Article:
VIENNA — The U.S. and fellow permanent U.N. Security Council members have told Iran that they will hold off on new sanctions if it stops expanding its uranium enrichment activities as they seek to restart talks, diplomats said Friday.
They said the Iranian government had not yet responded to the proposal, which was made this month by the five permanent council members and Germany.
The public stance by the six nations remains that Iran should cease all enrichment, but the offer reflects a readiness to accept Tehran's current program, at least initially, in hopes of reducing tensions and creating an atmosphere for negotiations.
It picks up on an idea raised by Mohamed ElBaradei, head of the United Nations' nuclear monitoring organization, the International Atomic Energy Agency, who called for a "time out" both on enrichment and on a third round of sanctions against Iran for defying a Security Council demand that it freeze such work.
Iran says its enrichment activity is intended only to produce fuel for reactors that would generate electricity, but the U.S. and others suspect Tehran wants to enrich uranium to a higher level suitable for use in nuclear bombs.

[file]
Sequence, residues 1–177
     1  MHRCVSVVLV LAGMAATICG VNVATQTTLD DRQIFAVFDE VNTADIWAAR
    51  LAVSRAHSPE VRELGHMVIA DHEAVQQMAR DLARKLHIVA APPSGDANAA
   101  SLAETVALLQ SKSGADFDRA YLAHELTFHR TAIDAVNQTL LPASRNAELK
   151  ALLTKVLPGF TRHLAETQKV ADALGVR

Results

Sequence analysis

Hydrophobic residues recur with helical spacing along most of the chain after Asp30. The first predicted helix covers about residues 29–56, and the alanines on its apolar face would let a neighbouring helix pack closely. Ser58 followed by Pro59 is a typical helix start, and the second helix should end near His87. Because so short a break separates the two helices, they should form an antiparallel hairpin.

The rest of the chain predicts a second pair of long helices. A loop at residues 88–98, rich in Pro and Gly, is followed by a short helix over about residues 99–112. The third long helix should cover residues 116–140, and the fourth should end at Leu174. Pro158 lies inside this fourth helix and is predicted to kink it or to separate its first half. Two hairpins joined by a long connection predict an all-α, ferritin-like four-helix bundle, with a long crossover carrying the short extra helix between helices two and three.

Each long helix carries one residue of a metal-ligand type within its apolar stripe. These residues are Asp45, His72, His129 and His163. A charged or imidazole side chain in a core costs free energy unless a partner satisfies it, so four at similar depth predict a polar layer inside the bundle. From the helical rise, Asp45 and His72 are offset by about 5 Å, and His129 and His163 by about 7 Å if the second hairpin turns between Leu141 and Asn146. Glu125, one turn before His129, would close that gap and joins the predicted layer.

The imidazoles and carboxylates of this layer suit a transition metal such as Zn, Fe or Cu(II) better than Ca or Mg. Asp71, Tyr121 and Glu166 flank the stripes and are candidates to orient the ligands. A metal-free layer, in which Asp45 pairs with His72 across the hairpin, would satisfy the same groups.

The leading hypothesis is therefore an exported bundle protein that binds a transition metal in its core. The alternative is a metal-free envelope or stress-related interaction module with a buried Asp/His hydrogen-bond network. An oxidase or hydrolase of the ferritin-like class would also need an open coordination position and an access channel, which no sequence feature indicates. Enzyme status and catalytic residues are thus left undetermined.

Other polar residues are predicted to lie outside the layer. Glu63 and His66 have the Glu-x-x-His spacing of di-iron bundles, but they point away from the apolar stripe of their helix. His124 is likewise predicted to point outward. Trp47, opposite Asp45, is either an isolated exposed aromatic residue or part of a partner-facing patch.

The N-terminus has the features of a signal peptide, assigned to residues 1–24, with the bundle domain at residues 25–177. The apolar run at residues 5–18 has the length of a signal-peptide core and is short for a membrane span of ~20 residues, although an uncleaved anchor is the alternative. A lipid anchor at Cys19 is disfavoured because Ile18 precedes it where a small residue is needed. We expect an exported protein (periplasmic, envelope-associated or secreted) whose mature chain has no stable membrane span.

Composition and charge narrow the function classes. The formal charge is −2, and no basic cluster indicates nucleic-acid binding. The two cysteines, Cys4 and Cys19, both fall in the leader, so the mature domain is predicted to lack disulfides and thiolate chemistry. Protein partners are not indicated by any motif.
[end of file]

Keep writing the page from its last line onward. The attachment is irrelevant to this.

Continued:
Diplomats said the offer was delivered by the European Union's foreign policy chief, Javier Solana, to Ali Larijani, Tehran's chief negotiator.
One European diplomat said the Security Council would not stand by indefinitely as Iran continued to run its enrichment activities. The diplomats spoke on condition of anonymity, saying the issue was confidential.
Besides demanding an enrichment freeze and a halt to construction of a plutonium-producing reactor, the Security Council has called on Iran to provide answers to the IAEA on activities that could be linked to a weapons program.